1) The alleged misogyny in hip hop didnt evolve in vaccum, nor is it new:"I've said it once and I'll say it again, hip-hop music is a reflection of the culture at large and inner-city politics in particular. Seism is a reality of popular society. The battle of the sexes has turned into an all out war, with economics and feminist-related issues taking precedent over building and fortifying the black family. Hip-hop didn't create that---it just reports it. My generation handed the next generation conscious hip-hop, and then it was sold Downtown. Not our fault. Consciousness changes, and I can concede that. Today's hip-hop music reflects this generation's frustration, but more than that, it satisfies the curiosity and fetishes of its mainly white audience."
2) Far from being a legitimate war on sexismin hip hop, this campaign is just a bunch of sabre- rattling:"The other peice of this is that--hello?--- Essence stakes claim to a 18 to 40 demographic, but I'm willing to bet it skews MUCH older, which means that the people belly-aching the most about hip-hop culture are likely the grandmothers, mothers, older sisters and aunts of the community. This conversation, I'm convinced, is being fortified largely by women that don't need to be convinced to maintain thier dignity or self-respect. Essence is the waaaaay wrong venue for this. Try "Right On" Magazine--something the next generation of hip-hoppers actually read." The amen-corner that Essence's message board on this topic confirm this observation.
3) Essence has a huge blind spot reagrding the potential contribution its readership makes to some artists' opinions on women:"The one thing those artist have in common is that they know, like you and I know, that women use what they got to to get what they want, and they are taught this from the womb. No Money, No Honey. Shake your Money-Maker. On and on. Black men don't teach this to our girls---black women do. So you give these messages to young women, and they in turn give this message to young men---what do you think the outcome of that will be, over time? Why are we surprised that the dating ritual has become little more than a pageantry of pimps and hoes? Why are you surprised to see 12-year old girls moving like shake-club dancers? Why doesn't it make sense that young black men would rather be pimps than accountants?"

Jimi and Shuttabug bring up some great points, maybe someone will mention them at the Images of Women in Hip Hop Panel today. And a big thanks to Hashim at Media Chin Check, Urban Snapshot, and The Underground Post for sharing my opinions on Essence's self-righteous campaign.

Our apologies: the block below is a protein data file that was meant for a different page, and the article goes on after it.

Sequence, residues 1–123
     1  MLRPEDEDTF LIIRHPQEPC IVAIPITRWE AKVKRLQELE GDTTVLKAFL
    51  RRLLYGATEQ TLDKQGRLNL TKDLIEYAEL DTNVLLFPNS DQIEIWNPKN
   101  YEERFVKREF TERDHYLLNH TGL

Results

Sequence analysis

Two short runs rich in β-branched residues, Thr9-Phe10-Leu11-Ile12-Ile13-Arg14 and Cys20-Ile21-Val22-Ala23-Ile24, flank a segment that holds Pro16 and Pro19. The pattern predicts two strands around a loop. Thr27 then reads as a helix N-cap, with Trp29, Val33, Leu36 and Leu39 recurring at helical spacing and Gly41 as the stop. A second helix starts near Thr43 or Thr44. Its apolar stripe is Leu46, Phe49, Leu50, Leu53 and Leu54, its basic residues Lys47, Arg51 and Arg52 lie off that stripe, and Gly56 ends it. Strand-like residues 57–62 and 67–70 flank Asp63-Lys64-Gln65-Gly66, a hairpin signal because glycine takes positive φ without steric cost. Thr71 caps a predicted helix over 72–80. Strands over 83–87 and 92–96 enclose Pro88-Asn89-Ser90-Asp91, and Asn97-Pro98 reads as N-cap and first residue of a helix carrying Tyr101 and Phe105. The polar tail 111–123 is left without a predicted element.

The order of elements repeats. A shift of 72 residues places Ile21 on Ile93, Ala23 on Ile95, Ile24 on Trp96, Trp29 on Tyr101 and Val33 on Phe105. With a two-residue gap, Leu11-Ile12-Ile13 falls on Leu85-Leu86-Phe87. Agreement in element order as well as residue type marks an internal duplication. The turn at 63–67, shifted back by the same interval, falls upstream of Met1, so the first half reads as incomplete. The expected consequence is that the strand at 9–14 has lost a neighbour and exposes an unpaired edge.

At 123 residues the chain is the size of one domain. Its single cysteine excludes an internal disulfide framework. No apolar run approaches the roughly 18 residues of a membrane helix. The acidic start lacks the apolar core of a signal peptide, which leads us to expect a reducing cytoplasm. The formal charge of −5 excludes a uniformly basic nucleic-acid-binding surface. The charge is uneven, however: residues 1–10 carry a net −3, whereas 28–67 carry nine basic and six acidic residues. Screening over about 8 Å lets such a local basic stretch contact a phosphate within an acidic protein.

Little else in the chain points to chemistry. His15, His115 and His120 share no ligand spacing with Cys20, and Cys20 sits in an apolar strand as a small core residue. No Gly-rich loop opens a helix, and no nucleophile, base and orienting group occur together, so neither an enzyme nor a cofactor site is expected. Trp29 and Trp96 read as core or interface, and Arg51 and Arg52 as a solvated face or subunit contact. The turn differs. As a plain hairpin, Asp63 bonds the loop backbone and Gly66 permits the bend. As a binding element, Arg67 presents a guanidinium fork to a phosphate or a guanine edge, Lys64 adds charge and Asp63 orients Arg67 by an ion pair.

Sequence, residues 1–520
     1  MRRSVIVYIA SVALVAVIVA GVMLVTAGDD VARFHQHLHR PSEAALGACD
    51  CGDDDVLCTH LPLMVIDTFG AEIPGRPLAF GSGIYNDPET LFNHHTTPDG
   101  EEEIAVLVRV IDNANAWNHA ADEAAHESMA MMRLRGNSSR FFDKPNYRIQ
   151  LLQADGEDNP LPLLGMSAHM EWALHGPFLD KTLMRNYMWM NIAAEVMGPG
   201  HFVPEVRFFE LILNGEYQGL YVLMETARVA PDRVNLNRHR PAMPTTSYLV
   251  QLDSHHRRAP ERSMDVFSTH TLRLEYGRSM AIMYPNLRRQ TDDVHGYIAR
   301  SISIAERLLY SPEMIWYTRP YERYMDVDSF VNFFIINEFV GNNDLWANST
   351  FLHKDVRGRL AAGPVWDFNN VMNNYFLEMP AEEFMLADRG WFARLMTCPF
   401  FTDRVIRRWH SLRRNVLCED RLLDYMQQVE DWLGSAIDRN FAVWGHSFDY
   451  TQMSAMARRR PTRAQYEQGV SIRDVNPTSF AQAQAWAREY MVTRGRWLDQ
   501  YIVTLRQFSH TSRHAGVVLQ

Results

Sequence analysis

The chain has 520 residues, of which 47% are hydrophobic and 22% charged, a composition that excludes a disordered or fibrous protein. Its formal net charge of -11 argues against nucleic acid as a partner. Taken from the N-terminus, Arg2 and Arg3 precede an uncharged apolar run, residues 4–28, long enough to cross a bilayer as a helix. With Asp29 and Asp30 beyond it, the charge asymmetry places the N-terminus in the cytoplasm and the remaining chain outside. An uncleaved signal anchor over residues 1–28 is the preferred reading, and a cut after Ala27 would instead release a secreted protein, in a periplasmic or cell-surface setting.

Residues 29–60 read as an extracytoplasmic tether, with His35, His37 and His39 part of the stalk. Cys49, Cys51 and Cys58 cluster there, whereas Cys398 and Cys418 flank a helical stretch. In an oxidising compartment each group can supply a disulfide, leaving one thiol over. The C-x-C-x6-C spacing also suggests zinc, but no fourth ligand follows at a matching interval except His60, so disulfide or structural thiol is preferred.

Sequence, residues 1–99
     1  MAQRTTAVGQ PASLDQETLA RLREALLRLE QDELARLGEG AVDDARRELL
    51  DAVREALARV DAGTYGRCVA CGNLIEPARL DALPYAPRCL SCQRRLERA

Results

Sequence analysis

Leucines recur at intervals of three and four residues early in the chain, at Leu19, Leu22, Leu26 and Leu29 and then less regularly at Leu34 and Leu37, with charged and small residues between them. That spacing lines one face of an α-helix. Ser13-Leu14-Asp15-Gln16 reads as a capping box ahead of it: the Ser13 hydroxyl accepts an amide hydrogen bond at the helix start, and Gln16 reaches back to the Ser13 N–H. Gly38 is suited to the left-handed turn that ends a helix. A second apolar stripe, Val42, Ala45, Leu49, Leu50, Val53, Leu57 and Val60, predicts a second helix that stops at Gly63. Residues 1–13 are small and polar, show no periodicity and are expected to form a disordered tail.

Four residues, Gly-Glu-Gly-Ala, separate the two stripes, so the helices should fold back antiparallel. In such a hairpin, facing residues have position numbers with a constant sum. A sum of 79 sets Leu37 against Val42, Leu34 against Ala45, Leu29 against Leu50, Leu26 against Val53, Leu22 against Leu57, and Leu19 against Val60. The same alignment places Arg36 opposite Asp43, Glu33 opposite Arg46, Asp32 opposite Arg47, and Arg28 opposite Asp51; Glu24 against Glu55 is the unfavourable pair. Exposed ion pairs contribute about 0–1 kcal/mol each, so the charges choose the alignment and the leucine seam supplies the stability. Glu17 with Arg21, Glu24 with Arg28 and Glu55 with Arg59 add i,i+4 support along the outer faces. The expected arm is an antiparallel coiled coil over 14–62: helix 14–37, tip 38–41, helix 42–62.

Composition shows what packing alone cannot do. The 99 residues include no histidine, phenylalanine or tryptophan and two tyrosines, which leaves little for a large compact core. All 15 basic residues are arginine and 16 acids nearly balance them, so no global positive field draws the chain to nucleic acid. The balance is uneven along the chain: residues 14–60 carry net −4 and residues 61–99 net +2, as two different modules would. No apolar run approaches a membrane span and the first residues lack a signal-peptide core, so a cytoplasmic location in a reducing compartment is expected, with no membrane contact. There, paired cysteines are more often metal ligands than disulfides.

Friday, March 11, 2005

Daily Dose and Heaterz

Todays Daily Dose:
Jay Z is in talks to produce music for the upcoming Scarface video game. I think most of the groundwork for this deal was already done, considering that Def Jam already produced a featurette and "Music Inspired By" CD for the Scarface Anniversary Edition DVD.
Damon Dash has his hands full promoting upcoming albums for Sigel and ODB, so I'm going to lend a hand in promoting two of his upcoming films: Death of a Dynasty and State Property 2.
Apparently disappointed by the end of the 50/Game beef, the mainstream press is fast at work promoting the 50/Jadakiss situation; Jada thinks the media is grasping for straws.

Fat Joe responds to "Piggybank" with "Fuck 50"
Jada provides a much more lyrical and comedic reply with "Checkmate"

Wednesday, March 09, 2005

Biggie Tributes

The always-on-point Honey Soul blog has linked to some very thorough audio Biggie tributes. Hit these up and reminisce:

Daily Dose and Heaterz

Todays Daily Dose:
If you've lost track of whos saying what in the ongoing 50 Cent vs Fat Joe,Nas and Jadakiss beef, check the March 2nd news post over at hiphopsite.com. I'm surprised there isnt a blog dedicated to this stuff yet.
Check these articles on Whoo Kid and Clinton Sparks, who should both be picking up some hardware at the Mixtape Awards tonight.
I also found some audio of Shade 45 interviews with Jay Z and 50 Cent.
Speaking of 50, expect a Nintedo DS licensing deal soon.
I've started a new blog,Strictly Business, where my first project will be tracking product placement in hip hop videos.
And surprise surprise, 50's preparing to call a truce to his beef with Game as I finish this post.
RIP BIG. Anybody find a radioblog tribute, feel free to link to it the comment section. Does Honey Soul take requests?
Todays Heater:
Theres a slew of remixes for Amerie's "1 Thing" floating around,but this one by Mick Boogie (right click,save as)featuring Jay Z is one of the best. It uses Jays verse from "Do You Like It" featuring Puff.